These Are All The Paksiw Recipes You Want To Make

Vinegar, peppercorns, bay leaf, and salt is all you really need to make delicious paksiw recipes.

One of our classic recipes, the paksiw, is recipe that relies heavily on vinegar. The most basic of paksiw recipes, after all, require these four important seasoning ingredients: vinegar, peppercorns, bay leaf, and salt. 

If you’ve ever wondered how else you can prepare this Filipino dish, we have several paksiw recipe you need to try:

Photo by Bianca Laxamana

1 Paksiw na Bangus Recipe 

You can’t go wrong with a classic recipe such as this. Simmered to temper the harsh sharpness of the vinegar, this paksiw is made with bangus halves so it is easy and almost always available no matter what time of the year you want to make it. 

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Photo by Toto Labrador

2 Fish Paksiw Recipe 

When it comes to paksiw, fish is what immediately comes to mind. However, whether it’s bangus, galunggung, bisugo, asuhos, or even tilapia, you really can shop the palengke for the freshest catch of the day. Cook this fish you find in vinegar to make a delicious paksiw na isda recipe like this versatile recipe that adds some hearty vegetables into the mix. 

Photo by Majoy Siason

3 Lechon Paksiw Recipe 

When it comes to pork and paksiw, the uneaten parts of the huge lechon from the latest handaan is what comes to mind. It’s simmered in a tangy, sour-sweet sauce that is made also from the leftover lechon sauce that’s served with the lechon.   

Make a lechon paksiw recipe like this recipe which takes the usual route by using whatever is leftover. (No wonder there is always more lechon that can be eaten at any gathering! It’s to make sure there is lechon paksiw to serve the next day.)

Photo by Dan Rivera

4 Lechon Kawali Paksiw Recipe 

There is more than one way to make lechon paksiw, and one way is to not have to wait until there is a party hoping that a lechon is served to eat it. By using the more economical lechon kawali in place of the rare whole lechon, you not only get to taste this unique after-party dish more frequently, but you also get a chance to have lechon whenever you want.  


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5 Pork Adobo Paksiw Recipe 

How can you go wrong when you combine two favorite Pinoy recipes into one delicious dish? That’s what we think has gone down when someone thought to transform a pork adobo recipe and add some lechon paksiw flavors into one umami-packed dish! What you get is a salty, sour, sweet, and, ultimately, delicious pork dish that transcends everything you thought an adobo recipe or even a paksiw recipe could be.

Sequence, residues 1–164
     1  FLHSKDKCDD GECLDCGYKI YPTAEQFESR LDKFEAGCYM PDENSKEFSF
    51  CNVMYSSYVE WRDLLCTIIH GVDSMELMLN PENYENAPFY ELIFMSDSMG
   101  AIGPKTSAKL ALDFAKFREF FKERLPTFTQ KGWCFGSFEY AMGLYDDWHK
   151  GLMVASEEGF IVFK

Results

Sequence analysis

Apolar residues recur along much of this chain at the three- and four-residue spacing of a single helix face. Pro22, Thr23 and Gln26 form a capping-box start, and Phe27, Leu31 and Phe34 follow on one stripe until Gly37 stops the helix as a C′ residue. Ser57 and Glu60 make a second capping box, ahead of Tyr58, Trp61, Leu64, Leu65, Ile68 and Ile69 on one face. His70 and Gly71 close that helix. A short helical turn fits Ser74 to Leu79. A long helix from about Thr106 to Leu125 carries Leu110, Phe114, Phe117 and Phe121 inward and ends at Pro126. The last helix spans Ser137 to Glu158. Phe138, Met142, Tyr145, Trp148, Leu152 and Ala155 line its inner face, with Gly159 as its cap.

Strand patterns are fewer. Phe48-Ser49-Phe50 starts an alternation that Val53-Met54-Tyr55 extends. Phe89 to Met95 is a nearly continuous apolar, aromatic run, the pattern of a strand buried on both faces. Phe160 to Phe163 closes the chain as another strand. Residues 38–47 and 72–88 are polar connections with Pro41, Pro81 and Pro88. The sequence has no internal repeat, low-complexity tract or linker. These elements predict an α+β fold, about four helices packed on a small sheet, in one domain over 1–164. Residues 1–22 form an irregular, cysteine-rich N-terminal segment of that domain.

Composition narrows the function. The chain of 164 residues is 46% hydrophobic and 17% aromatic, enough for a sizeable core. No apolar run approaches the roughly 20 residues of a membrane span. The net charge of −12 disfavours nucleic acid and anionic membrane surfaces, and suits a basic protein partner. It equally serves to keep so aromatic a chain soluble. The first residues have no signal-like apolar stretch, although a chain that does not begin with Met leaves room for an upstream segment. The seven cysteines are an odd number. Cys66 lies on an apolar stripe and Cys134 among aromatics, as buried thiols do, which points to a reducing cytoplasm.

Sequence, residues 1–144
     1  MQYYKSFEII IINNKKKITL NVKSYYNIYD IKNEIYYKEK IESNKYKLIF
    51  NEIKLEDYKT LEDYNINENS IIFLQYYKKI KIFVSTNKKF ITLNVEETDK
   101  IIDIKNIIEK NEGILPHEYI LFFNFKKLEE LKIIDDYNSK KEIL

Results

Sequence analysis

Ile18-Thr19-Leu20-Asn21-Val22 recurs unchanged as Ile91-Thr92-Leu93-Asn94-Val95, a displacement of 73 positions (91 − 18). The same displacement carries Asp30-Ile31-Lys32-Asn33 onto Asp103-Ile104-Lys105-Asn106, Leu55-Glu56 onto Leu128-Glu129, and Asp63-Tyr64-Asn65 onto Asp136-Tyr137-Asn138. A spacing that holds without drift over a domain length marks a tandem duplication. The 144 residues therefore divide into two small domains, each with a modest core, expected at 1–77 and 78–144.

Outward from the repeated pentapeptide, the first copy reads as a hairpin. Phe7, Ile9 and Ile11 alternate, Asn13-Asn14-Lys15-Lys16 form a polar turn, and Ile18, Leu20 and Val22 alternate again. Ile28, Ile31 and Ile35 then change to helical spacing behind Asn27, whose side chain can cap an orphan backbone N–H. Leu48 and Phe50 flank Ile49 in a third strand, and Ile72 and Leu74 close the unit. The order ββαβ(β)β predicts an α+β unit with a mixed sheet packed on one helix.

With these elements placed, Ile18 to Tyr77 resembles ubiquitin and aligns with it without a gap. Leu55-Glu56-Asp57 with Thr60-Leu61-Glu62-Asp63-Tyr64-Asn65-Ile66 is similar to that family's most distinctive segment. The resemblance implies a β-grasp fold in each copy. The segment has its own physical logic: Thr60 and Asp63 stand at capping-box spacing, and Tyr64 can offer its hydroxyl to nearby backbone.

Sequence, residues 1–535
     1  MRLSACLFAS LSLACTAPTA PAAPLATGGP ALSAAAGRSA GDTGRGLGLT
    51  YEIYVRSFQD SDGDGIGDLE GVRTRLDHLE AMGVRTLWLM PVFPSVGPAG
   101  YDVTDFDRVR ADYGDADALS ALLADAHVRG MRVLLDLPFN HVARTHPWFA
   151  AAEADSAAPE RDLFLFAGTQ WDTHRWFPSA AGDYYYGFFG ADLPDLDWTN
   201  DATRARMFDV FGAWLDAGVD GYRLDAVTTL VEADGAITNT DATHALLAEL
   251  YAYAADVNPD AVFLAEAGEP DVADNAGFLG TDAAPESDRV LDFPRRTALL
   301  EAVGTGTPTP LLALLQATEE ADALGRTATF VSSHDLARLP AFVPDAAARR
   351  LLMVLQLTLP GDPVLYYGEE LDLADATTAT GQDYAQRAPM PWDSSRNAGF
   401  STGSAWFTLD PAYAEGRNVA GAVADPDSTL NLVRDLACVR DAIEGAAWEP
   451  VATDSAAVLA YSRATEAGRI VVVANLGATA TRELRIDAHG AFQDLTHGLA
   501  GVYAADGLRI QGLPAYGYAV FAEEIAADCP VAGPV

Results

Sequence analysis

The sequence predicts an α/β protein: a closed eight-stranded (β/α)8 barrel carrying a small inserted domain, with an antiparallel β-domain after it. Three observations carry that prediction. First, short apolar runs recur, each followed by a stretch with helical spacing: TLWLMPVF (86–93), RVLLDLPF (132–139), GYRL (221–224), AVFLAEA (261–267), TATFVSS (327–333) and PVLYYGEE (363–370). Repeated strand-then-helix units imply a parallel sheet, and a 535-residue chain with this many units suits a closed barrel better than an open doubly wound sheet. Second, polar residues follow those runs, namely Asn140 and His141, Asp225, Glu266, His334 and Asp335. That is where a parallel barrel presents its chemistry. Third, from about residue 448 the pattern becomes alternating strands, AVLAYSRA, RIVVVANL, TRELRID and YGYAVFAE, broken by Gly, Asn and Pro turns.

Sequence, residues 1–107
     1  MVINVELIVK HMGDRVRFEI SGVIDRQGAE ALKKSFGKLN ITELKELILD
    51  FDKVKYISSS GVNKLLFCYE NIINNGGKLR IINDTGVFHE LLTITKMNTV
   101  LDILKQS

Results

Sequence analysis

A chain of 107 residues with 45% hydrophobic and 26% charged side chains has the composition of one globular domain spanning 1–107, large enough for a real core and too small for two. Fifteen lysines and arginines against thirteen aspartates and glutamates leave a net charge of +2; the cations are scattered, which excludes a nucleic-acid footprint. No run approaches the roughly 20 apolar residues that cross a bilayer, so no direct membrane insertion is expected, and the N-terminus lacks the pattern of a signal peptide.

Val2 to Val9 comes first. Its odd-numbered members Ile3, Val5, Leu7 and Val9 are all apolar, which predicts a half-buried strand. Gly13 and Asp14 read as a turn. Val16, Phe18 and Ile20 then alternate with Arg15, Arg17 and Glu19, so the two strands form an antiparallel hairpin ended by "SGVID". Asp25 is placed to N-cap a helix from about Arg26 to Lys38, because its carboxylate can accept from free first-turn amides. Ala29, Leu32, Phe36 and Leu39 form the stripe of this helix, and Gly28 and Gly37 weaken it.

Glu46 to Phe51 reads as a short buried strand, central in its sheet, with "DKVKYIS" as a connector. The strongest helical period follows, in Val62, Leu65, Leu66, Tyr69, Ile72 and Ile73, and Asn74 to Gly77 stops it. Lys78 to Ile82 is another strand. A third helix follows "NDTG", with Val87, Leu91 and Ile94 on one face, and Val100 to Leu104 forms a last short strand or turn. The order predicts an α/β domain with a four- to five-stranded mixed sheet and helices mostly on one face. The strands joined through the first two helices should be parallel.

This lechon paksiw recipe contains a delicious secret ingredient!
Photo by Bianca Laxamana

6 Lechon Paksiw with Pineapples Recipe 

It’s no secret that the “secret ingredient” in this fantastic recipe is a fruit. What you may not know is that the pineapple not only delivers fruity flavors to the dish but adds to both the sweetness and the sourness to the overall flavor of the saucy pork dish. The pineapple is a great complement to the already present flavors of sour-sweetness of the paksiw while making sure that it’s tender and juicy. Even celebrity and Filipino actor Alden Richards makes a similar paksiw recipe!       


Paksiw na Pata Recipe 

The roast pork or lechon really is the most common meat to use in pork-related paksiw recipes but why not change things up and use another cut of meat that is nonetheless delicious? Here, pork pata or the hind leg of pork, with its gelatinous skin and meaty chunks, is cut up and used as the main ingredient in this unique heritage paksiw recipe. What makes it even more unique is that it’s got banana blossoms added in as well as other flavor notes – soy sauce and brown sugar – that will make you think it might be a humba recipe rather than a paksiw recipe. 

Whatever it’s called, the fact remains that vinegar is still a major seasoning ingredient in this delicious recipe.  

This adobo recipe doesn’t use soy sauce at all.
Photo by Bianca Laxamana

8 Adobong Puti Recipe 

If you think about it, the adobong puti or white adobo is actually a kind of paksiw. The big difference between this adobo and the typical adobo that many are more familiar with is the soy sauce. Whether it’s added in or not, the adobong puti can be classified as a kind of paksiw because it too has all the ingredients of a paksiw: vinegar, peppercorns, bay leaf, and salt. With the addition of the garlic and use of pork that’s not a lechon or even a lechon kawali, this may be the closest to the original paksiw na isda there is but it’s made with pork.  

It’s not hard to figure out how a simple recipe such as the paksiw recipe became more complicated in terms of flavor. The creativity of a cook confident in their cooking is, after all, limited only to the ingredients that are available. Where many ingredients are available, that’s where a four-ingredient recipe such as the paksiw can become more than just an ordinary meal. 


From pineapples stirred in to give it a fruity flavor to swapping out the classic fish for leftover lechon pieces and adding a liver sauce to the sour-sweet mix, any of these simple paksiw recipes can be a satisfying meal. You just have to try the variations to begin to love it. 


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